Caroline Hargrove: from heats to hearts

Posted on January 16, 2020


There may not appear to be a connection between racing cars and new methods for treating diseases, but Caroline Hargrove (BSc’89) has found one, through a career that has ranged from pioneering McLaren’s FI racing simulator to using the same predictive modelling to develop technologies that advance our knowledge of personalized medicine and the human body.

Caroline joined McLaren, famous for its racing team, in 1997. She recalls that she while she was respected, she had to work very hard to prove herself in this male-dominated industry.

“Formula 1 racing is all about the details, and modelling in a virtual world is key,” she says. “My Queen’s degree gave me the fundamentals to do the job well and earn respect.”

While at McLaren, Caroline also became involved in the company’s technology arm, pioneering human-machine interactions for medical applications.  In 2018, she saw an opportunity to make a further global impact by joining Babylon Health, a company with a mission to use the power of AI and human expertise to make health services affordable and accessible to all.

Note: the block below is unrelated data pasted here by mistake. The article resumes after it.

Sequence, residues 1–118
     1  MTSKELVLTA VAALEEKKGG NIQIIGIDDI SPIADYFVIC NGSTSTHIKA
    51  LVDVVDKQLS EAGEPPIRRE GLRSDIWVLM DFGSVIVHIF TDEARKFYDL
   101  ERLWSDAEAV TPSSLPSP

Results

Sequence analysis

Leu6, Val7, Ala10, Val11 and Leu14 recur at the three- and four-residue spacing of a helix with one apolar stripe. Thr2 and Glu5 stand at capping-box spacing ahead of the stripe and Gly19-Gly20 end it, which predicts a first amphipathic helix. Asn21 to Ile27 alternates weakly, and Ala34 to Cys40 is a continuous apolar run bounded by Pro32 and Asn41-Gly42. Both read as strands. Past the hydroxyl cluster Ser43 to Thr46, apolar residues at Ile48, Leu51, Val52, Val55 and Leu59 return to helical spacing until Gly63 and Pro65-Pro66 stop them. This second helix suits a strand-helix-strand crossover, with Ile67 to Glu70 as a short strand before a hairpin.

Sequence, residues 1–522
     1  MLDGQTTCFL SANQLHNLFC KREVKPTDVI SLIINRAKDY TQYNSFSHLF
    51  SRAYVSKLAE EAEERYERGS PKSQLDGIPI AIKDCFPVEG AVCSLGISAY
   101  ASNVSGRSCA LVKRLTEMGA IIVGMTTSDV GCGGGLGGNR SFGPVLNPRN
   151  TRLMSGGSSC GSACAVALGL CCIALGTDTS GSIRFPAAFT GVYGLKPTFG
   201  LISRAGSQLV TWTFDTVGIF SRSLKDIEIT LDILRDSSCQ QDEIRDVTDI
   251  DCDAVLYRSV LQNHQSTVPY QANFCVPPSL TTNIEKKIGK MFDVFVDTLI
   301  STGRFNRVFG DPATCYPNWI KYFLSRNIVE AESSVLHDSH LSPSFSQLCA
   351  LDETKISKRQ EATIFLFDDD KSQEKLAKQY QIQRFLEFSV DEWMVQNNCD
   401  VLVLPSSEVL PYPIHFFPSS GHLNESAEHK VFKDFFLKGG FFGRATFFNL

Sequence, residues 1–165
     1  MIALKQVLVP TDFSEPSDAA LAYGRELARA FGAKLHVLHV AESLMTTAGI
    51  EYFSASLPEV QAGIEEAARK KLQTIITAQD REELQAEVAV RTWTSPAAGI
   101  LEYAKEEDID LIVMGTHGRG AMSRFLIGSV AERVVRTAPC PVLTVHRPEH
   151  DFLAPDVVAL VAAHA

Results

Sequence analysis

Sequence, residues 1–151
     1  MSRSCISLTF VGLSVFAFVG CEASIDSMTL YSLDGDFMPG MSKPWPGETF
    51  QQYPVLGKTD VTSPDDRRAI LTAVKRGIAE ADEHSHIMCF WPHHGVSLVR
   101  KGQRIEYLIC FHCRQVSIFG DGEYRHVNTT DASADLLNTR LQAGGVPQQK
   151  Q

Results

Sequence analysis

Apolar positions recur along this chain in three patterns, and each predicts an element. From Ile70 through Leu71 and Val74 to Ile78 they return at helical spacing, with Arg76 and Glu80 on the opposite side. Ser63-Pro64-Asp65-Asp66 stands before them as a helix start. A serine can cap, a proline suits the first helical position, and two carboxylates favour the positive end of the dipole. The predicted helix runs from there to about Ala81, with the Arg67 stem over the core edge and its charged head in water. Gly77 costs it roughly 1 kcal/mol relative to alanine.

As Babylon’s Chief Technology Officer, Caroline leads a team that is using artificial intelligence to augment the skills of health professionals, and to pursue further advances in personalized medicine. New technologies at Babylon are exploring the concept of a ‘digital twin,’ using collected genetic data to simulate a human’s personalized health environment. By making subtle changes, the simulated twin can be analyzed to better understand the impact of various factors, giving actual humans personalized guidance for addressing health issues.

Caroline says that her engineering degree has prepared her well for a career in human-machine interactions, whether it’s in sport or medicine.

“Engineering is the swiss army knife of tools in your pocket,” she says. “It’s armed me with the tools and confidence to take me anywhere.”